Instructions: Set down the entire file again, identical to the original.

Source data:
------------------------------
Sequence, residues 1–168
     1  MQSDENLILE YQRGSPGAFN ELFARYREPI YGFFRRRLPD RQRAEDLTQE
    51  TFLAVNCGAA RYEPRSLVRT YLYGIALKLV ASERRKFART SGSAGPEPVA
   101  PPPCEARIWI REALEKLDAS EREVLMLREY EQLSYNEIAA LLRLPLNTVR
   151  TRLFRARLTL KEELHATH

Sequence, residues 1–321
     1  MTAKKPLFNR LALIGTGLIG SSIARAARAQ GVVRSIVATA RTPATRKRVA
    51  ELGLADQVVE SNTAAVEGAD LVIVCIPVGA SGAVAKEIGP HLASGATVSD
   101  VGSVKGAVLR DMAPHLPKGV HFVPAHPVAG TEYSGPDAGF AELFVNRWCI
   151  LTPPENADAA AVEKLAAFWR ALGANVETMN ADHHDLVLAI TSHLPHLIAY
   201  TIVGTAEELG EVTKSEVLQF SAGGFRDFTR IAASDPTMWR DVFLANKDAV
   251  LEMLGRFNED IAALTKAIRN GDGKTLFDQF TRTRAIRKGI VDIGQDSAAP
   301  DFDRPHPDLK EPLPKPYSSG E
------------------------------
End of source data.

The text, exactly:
Sequence, residues 1–168
     1  MQSDENLILE YQRGSPGAFN ELFARYREPI YGFFRRRLPD RQRAEDLTQE
    51  TFLAVNCGAA RYEPRSLVRT YLYGIALKLV ASERRKFART SGSAGPEPVA
   101  PPPCEARIWI REALEKLDAS EREVLMLREY EQLSYNEIAA LLRLPLNTVR
   151  TRLFRARLTL KEELHATH

Sequence, residues 1–321
     1  MTAKKPLFNR LALIGTGLIG SSIARAARAQ GVVRSIVATA RTPATRKRVA
    51  ELGLADQVVE SNTAAVEGAD LVIVCIPVGA SGAVAKEIGP HLASGATVSD
   101  VGSVKGAVLR DMAPHLPKGV HFVPAHPVAG TEYSGPDAGF AELFVNRWCI
   151  LTPPENADAA AVEKLAAFWR ALGANVETMN ADHHDLVLAI TSHLPHLIAY
   201  TIVGTAEELG EVTKSEVLQF SAGGFRDFTR IAASDPTMWR DVFLANKDAV
   251  LEMLGRFNED IAALTKAIRN GDGKTLFDQF TRTRAIRKGI VDIGQDSAAP
   301  DFDRPHPDLK EPLPKPYSSG E